Some Christians fail to ask because they are on the verge of becoming complacent. This is a dangerous position to be in. To be complacent is to be lukewarm and indifferent. As per Revelation 3, this happened to a godly church, the church of Laodicea. Early on, the church had a good start and was filled with zeal for the Lord. However, their community became very wealthy which adversely impacted the church, leading to complacency.

Read Revelation 3:15-17 and Ezekiel 26:36

In Revelation 3:17, Jesus said, “You say, ‘I am rich, I have acquired wealth and do not need a thing.’ But you do not realize that you are wretched, pitiful, poor, blind and naked.” Such is the description of a complacent person: one who has become accustomed to comfort and conveniences. Individuals who are complacent are characterized by coldness and indifference. If this applies to us, we should petition the Lord to replace our heart of stone with a heart of flesh.

3 – They don’t know how to ask.

It is generally believed that only new believers have difficulties approaching God with their desires, but this is not the case. Even experienced Christians and pastors sometimes wrestle with this issue.

It may be difficult for some of us to pray, simply because we are unaware of what to pray for. As a means of overcoming this problem, a model of prayer can be used as a guide. Pastor Eric’s favourite prayer model is the Lord’s Prayer, which Jesus taught us. It is important to note that the “Our Father” prayer is not a symbol of punishment and should not be viewed as such. Neither is it a script that we should recite every day. Rather, it is a privilege and a useful guide for us to follow. If we follow this guide, we can literally pray for hours. Through prayer, we can reach out to the Lord directly. We are blessed to call God “Our Father in heaven” and we should thank Him for this. We do not have to beg Him for anything, and we need not be concerned, since He has our best interest at heart. As our Father, God protects us and provides for us.

Next in the Lord’s Prayer is the phrase “Hallowed be Your name”. It means that we desire that Jesus’ name be distinguished from all the other names in the world. In prayer, we can also express our desire to help make the name of Christ known in our workplace, our home, our community, and in our church. We can also pray that people will see traces of Jesus’ goodness in us, and that they will be filled with praise for His glorious and holy name.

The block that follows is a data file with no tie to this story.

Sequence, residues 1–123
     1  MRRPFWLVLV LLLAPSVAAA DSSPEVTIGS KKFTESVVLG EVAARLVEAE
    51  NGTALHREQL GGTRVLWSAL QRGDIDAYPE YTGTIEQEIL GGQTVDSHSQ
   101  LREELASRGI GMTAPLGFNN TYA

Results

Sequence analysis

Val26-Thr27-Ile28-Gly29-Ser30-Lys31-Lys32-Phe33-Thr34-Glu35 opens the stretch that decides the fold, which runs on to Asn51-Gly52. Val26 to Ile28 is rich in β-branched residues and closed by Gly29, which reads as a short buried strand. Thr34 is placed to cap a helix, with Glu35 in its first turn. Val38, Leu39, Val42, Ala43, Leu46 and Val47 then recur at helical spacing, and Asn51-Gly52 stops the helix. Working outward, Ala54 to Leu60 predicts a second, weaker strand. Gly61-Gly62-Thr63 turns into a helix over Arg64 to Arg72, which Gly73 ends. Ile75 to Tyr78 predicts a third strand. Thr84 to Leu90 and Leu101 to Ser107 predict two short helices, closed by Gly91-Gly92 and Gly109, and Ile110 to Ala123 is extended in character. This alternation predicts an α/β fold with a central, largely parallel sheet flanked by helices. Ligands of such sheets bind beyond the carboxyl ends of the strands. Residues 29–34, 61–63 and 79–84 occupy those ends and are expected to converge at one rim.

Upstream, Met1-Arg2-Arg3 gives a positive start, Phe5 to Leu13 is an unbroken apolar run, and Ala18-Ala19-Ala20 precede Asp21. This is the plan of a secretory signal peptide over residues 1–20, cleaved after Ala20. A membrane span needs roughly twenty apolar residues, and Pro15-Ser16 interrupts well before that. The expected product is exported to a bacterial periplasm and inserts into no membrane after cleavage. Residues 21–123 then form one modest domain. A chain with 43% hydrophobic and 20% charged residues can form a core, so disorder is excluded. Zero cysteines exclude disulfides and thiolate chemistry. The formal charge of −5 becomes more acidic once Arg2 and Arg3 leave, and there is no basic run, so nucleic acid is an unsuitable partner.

For instance, when we pray for “Your kingdom come”, we may say, “Lord, we pray that You will rule in this situation.” “We pray that You will come so that the kingdom of darkness will have no place in our families, within our communities, and in our workplaces. Please submit to Your authority all that is contrary to Your purpose. Your will be done on earth as it is in heaven.

We should also pray to God for our daily bread, asking Him to provide for our basic needs on this day. We should also request that He forgive our debts (our sins), as we also forgive our debtors (those who have wronged us.) As we pray for these things, it is also imperative that we set aside our grudges and forgive others.

We can then ask our Father for protection so as not to be led into temptation. Though we may be feeling confident, it is crucial that we continue to pray for God to keep us from temptation, as temptation typically strikes when we are comfortable and in control. We then conclude our prayer with “Deliver us from evil.”

By following this template, we will never again be at a loss for what to ask God in prayer.

The second model is the Concentric Circles of Prayer. In this model, we begin by praying for our own specific needs. We then proceed to the next circle, which is to pray for our family. Following that, we pray for our church, we pray that God would protect the unity of His church. We pray for our community, our nation, and the world. This is merely another model that facilitates our asking and praying.

Read Romans 8:26, Matthew 7:7-8, Luke 11:8, and Acts 16:24 

The Holy Spirit will assist us when we are unsure of what to ask. Jesus assures us that if we ask with faith, He will grant our request if it is in accordance with His will.

The Lord should not only be sought when we are weak. He should be sought in all seasons of our lives – continually. 

Read Psalm 34-10 and Psalm 105:4

The receiving man or woman is a person who discovered the art of asking.

Are you a receiving man or woman?